European editorialists commented Tuesday on the US presidential election and also took issue with the similarly polarized contest for the Ukrainian presidency.
Italy’s La Repubblica wrote: "Perhaps a national election in another country has never before been followed with so much intensity, participation and partiality. The decision between Bush and Kerry can be defined as the first global election, in which 130 million voters in the USA function as a planetary parliament and elect deputies on our behalf to represent six billion men and women."
According to the Paris-based Le Figaro, in view of the fact that Europe’s relations with the US have been given such a bashing, any recovery will not be a result of the elections, whatever the outcome may be. "This can only come from our side." The French daily said it would be wise to seize the opportunity that these elections offer and "adjust the ideas we have of the USA to today’s reality."
In a comment on Britain’s traditionally close ties with the United States, London-based paper The Guardian said that Prime Minister Tony Blair was right not to side with either Bush or Kerry in the election campaign. If Blair drew up his own personal job specifications, “getting on with the US president whatever their party” would be high up the list of requirements. Blair worked at his relationship with Clinton and Bush -- and it will be the same if Kerry wins, the paper wrote.
Another London-based paper, The Daily Telegraph, commented that many people in Britain, and even more in continental Europe, are rooting for Senator John Kerry, desperate not just for a new face in the Oval Office and a change of tone, but also for a fundamental shift of American policy. But, if Kerry wins, it may not be long before America’s critics are once again bemoaning the heavy-handedness of the world’s superpower.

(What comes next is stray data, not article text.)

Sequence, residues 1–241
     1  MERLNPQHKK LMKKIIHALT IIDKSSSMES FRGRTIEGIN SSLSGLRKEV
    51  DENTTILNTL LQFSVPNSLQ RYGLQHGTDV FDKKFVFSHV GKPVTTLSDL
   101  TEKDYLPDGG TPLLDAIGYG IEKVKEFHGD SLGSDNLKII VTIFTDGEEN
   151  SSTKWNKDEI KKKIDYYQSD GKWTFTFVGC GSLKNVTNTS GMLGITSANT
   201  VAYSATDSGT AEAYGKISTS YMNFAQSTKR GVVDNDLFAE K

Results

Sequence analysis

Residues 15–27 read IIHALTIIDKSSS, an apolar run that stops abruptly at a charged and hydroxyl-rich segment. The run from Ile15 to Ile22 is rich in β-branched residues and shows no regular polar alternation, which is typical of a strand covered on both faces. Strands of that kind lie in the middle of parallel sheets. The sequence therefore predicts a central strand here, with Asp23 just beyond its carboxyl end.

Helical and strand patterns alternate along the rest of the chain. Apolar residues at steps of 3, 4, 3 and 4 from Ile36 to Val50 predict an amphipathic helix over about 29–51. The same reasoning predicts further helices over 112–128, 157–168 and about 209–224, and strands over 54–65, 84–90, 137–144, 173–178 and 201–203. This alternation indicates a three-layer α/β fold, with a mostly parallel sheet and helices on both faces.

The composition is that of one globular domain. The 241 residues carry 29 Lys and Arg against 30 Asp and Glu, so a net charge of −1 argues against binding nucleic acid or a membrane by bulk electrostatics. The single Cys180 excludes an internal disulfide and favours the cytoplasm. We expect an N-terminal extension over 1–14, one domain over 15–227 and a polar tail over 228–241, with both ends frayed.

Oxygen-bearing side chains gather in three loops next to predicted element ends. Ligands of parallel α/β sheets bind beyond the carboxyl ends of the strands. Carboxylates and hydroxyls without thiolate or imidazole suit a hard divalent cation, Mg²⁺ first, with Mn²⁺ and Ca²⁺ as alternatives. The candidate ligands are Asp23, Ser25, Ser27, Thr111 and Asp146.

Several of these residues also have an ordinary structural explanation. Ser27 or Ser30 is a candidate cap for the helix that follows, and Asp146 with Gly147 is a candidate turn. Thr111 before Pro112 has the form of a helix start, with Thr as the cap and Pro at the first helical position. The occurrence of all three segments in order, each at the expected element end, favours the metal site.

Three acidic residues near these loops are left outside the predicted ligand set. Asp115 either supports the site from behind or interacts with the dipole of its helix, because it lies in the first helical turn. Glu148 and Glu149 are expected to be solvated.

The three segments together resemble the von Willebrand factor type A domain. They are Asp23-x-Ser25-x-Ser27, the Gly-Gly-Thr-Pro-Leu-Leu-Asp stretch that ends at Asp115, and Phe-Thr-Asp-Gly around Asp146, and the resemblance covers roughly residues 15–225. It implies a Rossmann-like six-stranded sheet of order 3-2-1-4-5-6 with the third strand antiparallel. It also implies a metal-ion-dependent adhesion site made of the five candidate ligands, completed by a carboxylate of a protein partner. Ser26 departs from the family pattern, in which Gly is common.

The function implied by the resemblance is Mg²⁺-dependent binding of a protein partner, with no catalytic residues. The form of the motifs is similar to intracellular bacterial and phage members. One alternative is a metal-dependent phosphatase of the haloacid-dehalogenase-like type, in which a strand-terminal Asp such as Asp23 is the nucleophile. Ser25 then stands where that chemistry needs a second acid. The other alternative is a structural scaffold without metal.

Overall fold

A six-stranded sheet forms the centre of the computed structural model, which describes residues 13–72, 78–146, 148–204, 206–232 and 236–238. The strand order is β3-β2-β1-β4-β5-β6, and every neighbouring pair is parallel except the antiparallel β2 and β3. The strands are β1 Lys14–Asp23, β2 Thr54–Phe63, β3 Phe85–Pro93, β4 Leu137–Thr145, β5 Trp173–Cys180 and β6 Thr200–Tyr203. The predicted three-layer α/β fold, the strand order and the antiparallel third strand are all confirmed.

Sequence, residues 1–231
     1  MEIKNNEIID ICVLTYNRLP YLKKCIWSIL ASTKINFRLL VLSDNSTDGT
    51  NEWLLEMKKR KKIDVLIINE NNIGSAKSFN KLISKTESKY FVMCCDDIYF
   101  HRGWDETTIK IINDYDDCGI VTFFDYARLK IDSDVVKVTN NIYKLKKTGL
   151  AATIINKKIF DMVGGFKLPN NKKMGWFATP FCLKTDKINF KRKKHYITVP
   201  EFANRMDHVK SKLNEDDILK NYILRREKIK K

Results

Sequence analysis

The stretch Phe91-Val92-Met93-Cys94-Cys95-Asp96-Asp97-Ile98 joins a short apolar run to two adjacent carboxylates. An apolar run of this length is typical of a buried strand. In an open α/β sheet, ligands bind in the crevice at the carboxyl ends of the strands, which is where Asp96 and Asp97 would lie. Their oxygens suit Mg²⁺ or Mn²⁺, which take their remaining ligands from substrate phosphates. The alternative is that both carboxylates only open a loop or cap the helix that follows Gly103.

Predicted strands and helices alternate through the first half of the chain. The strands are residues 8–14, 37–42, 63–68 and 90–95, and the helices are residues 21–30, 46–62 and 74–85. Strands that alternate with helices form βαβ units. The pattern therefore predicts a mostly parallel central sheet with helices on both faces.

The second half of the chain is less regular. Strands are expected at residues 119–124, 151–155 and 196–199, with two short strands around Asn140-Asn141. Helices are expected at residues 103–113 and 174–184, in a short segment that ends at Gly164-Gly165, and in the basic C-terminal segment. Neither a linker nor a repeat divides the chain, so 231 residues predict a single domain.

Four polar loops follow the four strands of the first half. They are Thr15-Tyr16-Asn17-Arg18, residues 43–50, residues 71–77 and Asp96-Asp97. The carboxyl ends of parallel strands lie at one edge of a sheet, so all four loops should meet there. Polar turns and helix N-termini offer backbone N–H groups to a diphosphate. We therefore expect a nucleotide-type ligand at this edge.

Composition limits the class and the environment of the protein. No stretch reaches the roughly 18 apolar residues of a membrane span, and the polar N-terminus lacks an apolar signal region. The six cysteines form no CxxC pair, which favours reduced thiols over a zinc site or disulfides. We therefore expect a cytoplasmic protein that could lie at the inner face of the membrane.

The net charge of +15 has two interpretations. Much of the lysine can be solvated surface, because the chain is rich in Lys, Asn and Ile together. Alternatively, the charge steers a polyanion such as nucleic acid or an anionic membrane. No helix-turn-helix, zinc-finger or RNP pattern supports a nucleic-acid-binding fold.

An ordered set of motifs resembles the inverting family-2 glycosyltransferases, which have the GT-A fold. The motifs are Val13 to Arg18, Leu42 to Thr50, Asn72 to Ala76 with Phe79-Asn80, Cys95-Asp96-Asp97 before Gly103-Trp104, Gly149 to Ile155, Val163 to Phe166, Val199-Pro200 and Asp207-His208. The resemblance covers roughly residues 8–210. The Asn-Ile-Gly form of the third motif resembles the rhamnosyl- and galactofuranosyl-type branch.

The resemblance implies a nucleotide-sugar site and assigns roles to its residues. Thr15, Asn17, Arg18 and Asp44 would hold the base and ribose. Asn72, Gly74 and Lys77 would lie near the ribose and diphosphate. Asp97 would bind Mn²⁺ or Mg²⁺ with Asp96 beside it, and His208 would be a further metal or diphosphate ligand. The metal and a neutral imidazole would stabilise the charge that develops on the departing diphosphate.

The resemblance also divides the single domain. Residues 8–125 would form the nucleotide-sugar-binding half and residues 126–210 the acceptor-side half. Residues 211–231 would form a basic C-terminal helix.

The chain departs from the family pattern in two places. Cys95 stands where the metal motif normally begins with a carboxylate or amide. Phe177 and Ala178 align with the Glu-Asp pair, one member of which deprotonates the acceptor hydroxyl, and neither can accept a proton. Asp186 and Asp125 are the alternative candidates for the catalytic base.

Austria's Die Presse took a similar view. It opined that while President George W. Bush abandoned the US's obligations to its partners and international law after the Sept. 11 attacks, we should not expect any new self-restraint from a President John Kerry either. However, the daily did write that Kerry would at least give US foreign policy a more civilized, cooperative touch.
Other European newspapers commented on another presidential election: Sunday's vote in Ukraine, which is to be decided by a run-off election later this month. Germany’s Die Welt wrote: "standing in line has become a rare occurrence in Eastern Europe. But on Sunday, millions of Ukrainians stood for hours for a scarce commodity -- a peace of democracy, for the right to be able to vote on who will be the next to take over the presidency with its powers." The daily went on to voice criticism of Europe’s reluctance to help the former Soviet republic in its reform efforts, and said so far the attitude of the West, including Germany, has been narrow-minded. On the one hand, it has applied strict European standards and, on the other, it has said no to an association accord with the EU and no new forms of cooperation with NATO. That being the case, we should not be surprised if Ukraine’s incumbent rulers repeatedly seek support from Russia, the paper concluded.